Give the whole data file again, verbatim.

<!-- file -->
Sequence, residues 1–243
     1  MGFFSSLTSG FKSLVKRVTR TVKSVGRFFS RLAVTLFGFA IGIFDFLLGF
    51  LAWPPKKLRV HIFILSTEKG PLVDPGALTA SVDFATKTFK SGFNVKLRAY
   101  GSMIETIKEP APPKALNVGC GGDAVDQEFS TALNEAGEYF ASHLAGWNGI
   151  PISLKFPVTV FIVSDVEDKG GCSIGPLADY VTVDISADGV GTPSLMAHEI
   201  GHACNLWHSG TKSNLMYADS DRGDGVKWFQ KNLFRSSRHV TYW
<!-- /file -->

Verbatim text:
Sequence, residues 1–243
     1  MGFFSSLTSG FKSLVKRVTR TVKSVGRFFS RLAVTLFGFA IGIFDFLLGF
    51  LAWPPKKLRV HIFILSTEKG PLVDPGALTA SVDFATKTFK SGFNVKLRAY
   101  GSMIETIKEP APPKALNVGC GGDAVDQEFS TALNEAGEYF ASHLAGWNGI
   151  PISLKFPVTV FIVSDVEDKG GCSIGPLADY VTVDISADGV GTPSLMAHEI
   201  GHACNLWHSG TKSNLMYADS DRGDGVKWFQ KNLFRSSRHV TYW